Encourage educators to create and leverage resources like this online library, EL Curriculum Library, which consists of more than 350 modified, K–12, curriculum units. Examine funding-related resources to ensure they are going where they are most needed.

3. How to Cultivate Communities (11%)

Attention and dedication to cultivating communities can strengthen partnerships. The term “community” was used in several contexts throughout the teachers’ recommendations: community within the classroom by enacting culturally responsive pedagogies, community within the school by valuing difference and diversity, and community in the neighborhood by cultivating relationships with local nonprofits and youth-based organizations. These kaleidoscoping communities can offer layers of support to teachers and students at the epicenter.

What They Did
The instructional coaches facilitated role-play experiences in a fish bowl activity to model effective practices, to offer helpful ways principals provide feedback, and to problematize the teacher evaluation system. The District included instructional specialists for ELs (TESOL or bilingual education certified) in grade-level meetings and focus walks with administrators to maintain an objective lens. Experts in sheltered instruction helped guide conversations with leadership in highlighting pedagogies that may be beneficial for ELs that perhaps would have been overlooked.

What You Can Do
To alleviate the stress of finding child care, translators, and/or transportation to and from school for parent/teacher conferences, consider partnering with your local community-based organizations (CBOs) who can provide such services, likely free of charge. Or, given our new ways of coming together online, inquire if the local CBOs can host a virtual meeting with translations provided. Several CBOs in my geographical area have gone above and beyond to put together questions to ask during parent/teacher conferences so parents understand family/school partnerships in our American eduscape.

4. How to Support and Trust Teachers (9%)

Teachers are change agents. They are often underpaid and woefully overworked. School leadership that supports teachers by respecting their time and contributions fosters intrinsic community investment. Providing and protecting teachers’ planning and collaboration time will pay dividends throughout the year.

What They Did
They organized teachers’ schedules with flexibility to observe teachers in their own school, voluntarily. A module in the PD I delivered addressed peer coaching, building capacity within districts where teachers learned how to use the 2 + 2 model of peer feedback (Allen & LeBlanc, 2005).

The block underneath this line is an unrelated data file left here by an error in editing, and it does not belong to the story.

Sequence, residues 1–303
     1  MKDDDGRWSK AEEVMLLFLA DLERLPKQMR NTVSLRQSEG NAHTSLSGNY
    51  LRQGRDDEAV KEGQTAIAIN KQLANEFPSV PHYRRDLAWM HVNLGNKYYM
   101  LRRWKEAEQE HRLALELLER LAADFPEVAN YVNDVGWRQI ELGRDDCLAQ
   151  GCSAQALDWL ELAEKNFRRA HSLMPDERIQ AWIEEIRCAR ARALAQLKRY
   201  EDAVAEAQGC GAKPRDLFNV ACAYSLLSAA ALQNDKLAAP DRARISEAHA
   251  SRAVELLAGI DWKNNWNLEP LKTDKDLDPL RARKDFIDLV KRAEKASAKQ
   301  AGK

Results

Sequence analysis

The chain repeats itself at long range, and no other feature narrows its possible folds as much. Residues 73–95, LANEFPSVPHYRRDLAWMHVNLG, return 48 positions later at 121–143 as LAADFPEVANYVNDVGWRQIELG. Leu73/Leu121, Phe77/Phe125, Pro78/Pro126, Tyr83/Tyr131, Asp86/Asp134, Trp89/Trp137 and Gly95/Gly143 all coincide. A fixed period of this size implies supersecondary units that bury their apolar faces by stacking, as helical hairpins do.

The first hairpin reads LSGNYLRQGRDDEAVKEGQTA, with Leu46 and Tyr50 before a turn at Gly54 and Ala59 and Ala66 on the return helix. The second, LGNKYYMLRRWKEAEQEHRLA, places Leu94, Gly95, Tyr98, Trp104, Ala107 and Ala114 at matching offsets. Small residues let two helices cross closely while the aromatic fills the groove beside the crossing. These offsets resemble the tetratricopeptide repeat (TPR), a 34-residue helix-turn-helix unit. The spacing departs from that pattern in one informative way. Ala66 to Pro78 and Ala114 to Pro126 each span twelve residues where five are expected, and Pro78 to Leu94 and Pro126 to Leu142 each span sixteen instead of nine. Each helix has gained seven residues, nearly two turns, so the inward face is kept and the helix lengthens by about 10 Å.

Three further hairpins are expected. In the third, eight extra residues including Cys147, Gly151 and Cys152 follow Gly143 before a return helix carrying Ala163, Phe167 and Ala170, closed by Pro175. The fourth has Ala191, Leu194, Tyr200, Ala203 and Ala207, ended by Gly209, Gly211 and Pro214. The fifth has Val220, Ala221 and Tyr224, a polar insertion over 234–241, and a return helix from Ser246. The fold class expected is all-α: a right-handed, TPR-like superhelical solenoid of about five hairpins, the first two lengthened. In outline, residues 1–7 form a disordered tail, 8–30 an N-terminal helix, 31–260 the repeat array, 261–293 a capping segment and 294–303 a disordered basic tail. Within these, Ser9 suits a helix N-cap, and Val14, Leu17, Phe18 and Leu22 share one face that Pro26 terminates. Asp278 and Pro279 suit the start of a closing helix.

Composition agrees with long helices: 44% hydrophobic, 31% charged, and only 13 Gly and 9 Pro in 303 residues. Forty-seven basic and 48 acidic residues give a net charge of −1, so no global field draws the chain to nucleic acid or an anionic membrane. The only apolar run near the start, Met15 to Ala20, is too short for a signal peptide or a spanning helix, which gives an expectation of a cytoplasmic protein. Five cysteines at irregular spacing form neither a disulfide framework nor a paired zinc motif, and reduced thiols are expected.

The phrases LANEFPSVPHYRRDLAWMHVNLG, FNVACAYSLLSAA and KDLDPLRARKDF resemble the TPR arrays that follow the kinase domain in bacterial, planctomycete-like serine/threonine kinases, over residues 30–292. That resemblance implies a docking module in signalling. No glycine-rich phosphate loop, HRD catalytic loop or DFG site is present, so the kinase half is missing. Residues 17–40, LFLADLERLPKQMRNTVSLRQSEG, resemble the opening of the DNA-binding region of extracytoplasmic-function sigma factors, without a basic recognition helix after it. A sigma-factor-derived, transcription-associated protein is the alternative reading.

What You Can Do
Invite teachers to use the 2 + 2 peer performance appraisal model (Allen & LeBlanc, 2005) in your own school. Teachers find it incredibly empowering. Teachers who voluntarily agree visit one classroom per week, observing other teachers for 15–20 minutes. The observing teacher records two compliments and two suggestions. Both teachers may discuss the feedback at a later date, but this is not a requirement of the model. Collegial communities are most effective when given agency and independence to grow, authentically. Be sure to allow teachers common planning time.

5. How to Reconsider Assessment (7%)

Teachers are frequently asked to submit evidence of student learning to demonstrate students’ growth over time. This can be challenging for ELs as the default language of assessments is English. So what, then, are some ways we can more accurately assess learning?

What They Did
An entire module of PD, 2.5 hours, was dedicated to assessment, to include a detailed walk-through of linguistic assessments as well as alternative assessments (e.g., portfolio-based assessments). To differentiate language learning from content learning, teachers offered students two grades: one to reflect understanding of content and concept while the other reflects acquisition and use of academic language. Administrators now include a checklist of sheltered strategies, specific to ELs, on walk-throughs, to ensure teachers are differentiating cognitively and linguistically.

What You Can Do
In addition to standardized assessments, consider portfolio-based assessments, which may effectively document growth over time for your ELs. I invite you to have students include writing in their native language, when possible, as well as the students’ reflection of their work. Consider ways in which ELs can accomplish the grade-level standards through multimodal demonstrations (e.g. graphic narratives).

6. How to Rethink Instruction (6%)

Sheltered instruction calls for a shift in how teachers deliver lessons and how background knowledge is cultivated.

What They Did
The District received grants to provide teachers a stipend to create modified materials during summer institutes. I provided PD around summer school hours, within the same building. Within such a model, instructional coaches model and codeliver lessons to summer school students, working with small cadres of teachers to lesson plan and provide daily feedback.

What You Can Do
No longer can we rely on oral language to remind students about previous concepts or build background to warm up to new understandings. Consider flipping the instructional sequence:

    • Rather than: talking → reading → doing activity
    • Try: doing activity → talking, learning the academic language in context and concert with activity → reading and writing